In Huntsburg, the Burton American Legion Chaplain Tony Stoltare and Color Guard attended a special dedication at the newly marked grave of William J. Armstrong, Civil War Veteran. (l-r) Carl Seliskar, Chaplain Stoltare, the Rev. Bob Barber, and the Rev. Eason (MP Photo/Colleen Lockhart)Huntsburg Civil War Soldier Honored

By Colleen Lockhart

Something truly special took place this past Memorial Day, May 30, in Huntsburg. Civil War veteran William J. Armstrong who was buried in an unmarked grave in 1870, was honored for his service to his country as a long awaited headstone was placed on his grave in Huntsburg Cemetery.
While doing research in 2013, Carl Seliskar, then president of the Huntsburg Historical Society, discovered that there was a grave in Huntsburg Cemetery with no headstone. After much research and numerous requests for assistance from the U.S. Government, information concerning the life of William J. Armstrong came to light, along with his participation in the Civil War as a Union soldier who voluntarily served in the United States Colored Infantry, and the documents of his enlistment and discharge. After two official attempts requesting a government military headstone had been made, his headstone was recently delivered to the township.
After the traditional Memorial Day ceremony and parade, everyone was invited to follow the Burton American Legion, Chaplain Tony Stoltare and Color Guard to a special dedication at the newly marked grave of William J. Armstrong. The dedication held as a token of thanks for his service to his country and to acknowledge those citizens who so graciously assisted William and Joanna during their years in Huntsburg. Speaker Carl Seliskar shared what we now know of William and his wife, Joanna, who journeyed from the Maryland/Delaware area to live in Huntsburg sometime before 1864. William enlisted to fight for the Union in September 1864, serving in the United States Colored Infantry. William returned to Huntsburg after the war only to find that he had contracted tuberculosis and he died on Sept. 13, 1870. In 1873, when all debts were settled, Joanna was left with little or nothing and her whereabouts after that time is unknown.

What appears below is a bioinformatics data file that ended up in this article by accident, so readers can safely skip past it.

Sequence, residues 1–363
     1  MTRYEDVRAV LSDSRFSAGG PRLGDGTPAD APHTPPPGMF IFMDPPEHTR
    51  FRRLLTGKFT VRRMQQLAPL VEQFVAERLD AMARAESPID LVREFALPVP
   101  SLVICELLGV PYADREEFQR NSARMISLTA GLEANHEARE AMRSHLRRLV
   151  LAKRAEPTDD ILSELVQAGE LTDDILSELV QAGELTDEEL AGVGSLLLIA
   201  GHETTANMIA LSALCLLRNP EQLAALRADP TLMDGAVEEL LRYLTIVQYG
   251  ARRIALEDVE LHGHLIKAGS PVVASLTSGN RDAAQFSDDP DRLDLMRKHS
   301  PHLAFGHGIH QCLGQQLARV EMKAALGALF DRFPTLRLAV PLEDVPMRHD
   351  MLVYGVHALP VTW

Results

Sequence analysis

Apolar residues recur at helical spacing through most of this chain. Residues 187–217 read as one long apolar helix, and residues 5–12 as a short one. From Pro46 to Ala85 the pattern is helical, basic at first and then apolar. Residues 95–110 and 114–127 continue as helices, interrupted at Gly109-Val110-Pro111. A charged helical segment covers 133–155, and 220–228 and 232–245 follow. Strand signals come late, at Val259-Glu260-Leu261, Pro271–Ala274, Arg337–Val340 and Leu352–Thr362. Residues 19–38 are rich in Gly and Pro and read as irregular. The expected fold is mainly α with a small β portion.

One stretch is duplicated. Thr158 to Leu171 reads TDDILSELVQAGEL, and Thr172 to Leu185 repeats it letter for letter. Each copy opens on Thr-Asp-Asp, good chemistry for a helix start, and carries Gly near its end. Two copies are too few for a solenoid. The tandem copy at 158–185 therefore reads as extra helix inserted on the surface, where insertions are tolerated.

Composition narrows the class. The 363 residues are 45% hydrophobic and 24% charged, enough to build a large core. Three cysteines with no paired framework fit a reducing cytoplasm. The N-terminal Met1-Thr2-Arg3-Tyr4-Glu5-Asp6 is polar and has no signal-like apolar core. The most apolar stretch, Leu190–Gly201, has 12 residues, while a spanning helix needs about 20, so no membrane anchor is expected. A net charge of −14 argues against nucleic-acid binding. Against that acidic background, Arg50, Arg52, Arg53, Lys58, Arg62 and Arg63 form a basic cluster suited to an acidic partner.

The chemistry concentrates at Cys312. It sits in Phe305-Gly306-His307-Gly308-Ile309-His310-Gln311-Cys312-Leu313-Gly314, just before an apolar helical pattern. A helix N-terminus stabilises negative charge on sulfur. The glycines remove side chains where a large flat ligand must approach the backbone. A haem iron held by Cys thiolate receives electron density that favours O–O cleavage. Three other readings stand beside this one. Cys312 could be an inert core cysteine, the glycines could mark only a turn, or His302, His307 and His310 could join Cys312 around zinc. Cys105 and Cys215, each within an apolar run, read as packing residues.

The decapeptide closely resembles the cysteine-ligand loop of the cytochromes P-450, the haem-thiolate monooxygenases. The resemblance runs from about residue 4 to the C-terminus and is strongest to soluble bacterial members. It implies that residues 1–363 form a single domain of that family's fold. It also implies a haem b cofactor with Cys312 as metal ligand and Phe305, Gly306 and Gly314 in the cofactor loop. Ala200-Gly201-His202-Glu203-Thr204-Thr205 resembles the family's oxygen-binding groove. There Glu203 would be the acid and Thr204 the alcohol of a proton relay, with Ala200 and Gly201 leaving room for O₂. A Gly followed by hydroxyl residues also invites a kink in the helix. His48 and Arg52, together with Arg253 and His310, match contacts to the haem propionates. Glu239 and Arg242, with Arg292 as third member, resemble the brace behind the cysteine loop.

Rev. Bob Barber from Huntsburg Congregational Church and Rev. Morris Eason from Round 1 Ministry in Chagrin Falls followed Carl’s opening remarks with thanks to William Armstrong and to all those who have given their lives in the service of their country, reminding us of the freedom we have in the United States of America thanks to those who served and are serving now.


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